Me: Oh, that’s terrible! I’m quite a positive person, so the idea that it’s sending negative e-mails is quite upsetting for me.

Paul: No, you are not sending e-mails sir.

Me: Oh, I know. You said it wasn’t me, it was my computer. That’s awful though. I hate the idea that my computer is sending negative stuff to some poor old person somewhere.

Paul: I, uhm … what I need you to do is go to a website so that we can remote access your machine and help, OK?

Me: Of course, of course, I’ll just switch it on now … … … Sorry, it takes a while sometimes … Ah, that’s good. The screen’s loaded up with a nice little smiley face on the log-in screen. Thanks, but I don’t think my computer’s feeling negative anymore.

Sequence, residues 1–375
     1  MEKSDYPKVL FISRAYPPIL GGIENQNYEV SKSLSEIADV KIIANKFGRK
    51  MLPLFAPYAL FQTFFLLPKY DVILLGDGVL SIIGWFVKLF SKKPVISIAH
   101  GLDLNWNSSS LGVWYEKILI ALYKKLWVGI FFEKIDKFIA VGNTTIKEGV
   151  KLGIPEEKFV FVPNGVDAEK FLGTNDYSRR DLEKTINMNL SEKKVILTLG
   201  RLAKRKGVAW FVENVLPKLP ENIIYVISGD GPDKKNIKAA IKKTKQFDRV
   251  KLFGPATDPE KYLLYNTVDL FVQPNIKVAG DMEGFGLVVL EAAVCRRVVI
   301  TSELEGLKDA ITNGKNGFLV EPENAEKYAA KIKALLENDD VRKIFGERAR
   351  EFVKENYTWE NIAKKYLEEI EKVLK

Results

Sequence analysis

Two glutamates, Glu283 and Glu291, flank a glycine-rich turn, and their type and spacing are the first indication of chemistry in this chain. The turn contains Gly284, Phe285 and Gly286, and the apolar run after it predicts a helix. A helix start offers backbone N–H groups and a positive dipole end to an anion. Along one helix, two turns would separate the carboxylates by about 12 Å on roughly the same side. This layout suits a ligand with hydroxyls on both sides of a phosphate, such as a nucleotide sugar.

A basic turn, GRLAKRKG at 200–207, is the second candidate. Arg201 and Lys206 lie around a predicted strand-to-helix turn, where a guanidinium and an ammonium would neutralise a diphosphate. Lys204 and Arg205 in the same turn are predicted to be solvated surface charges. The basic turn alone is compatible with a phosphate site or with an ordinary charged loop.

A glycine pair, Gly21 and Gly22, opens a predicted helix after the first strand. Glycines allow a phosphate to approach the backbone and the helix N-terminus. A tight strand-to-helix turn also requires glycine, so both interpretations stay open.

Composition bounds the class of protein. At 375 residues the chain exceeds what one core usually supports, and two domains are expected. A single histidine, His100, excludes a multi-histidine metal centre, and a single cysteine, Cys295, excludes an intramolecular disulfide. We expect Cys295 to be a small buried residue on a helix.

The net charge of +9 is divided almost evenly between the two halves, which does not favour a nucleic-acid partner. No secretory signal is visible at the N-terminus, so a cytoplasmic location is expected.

Paul: No sir, your computer is sending or receiving negative updates.

Me: I know it was, but it’s smiling now, so I think it’s cheered up.

Paul: Please excuse me a moment …

???: Hello, I am the manager of Paul. I understand your computer is having negative updates.

Me: It was, but like I said to Paul, I’ve got a smiling face on the screen, so I think it’s OK now. It’s not negative anymore.

???: Sir, how can you say that without us checking?

Me: Because it has a smiling face on the screen. I think that my computer is happy now.

???: I am afraid that that is not the same as fixing the problem. That is just a picture.

Me: Oh, I see. I must say, this is most pleasant. I don’t think that I’ve had a visitor to the house for about 8 years now, and before Paul, most people hang up on me after about two minutes. You’ve made a lonely man very happy.

??? grunts and hangs up


Friday 16 December 2016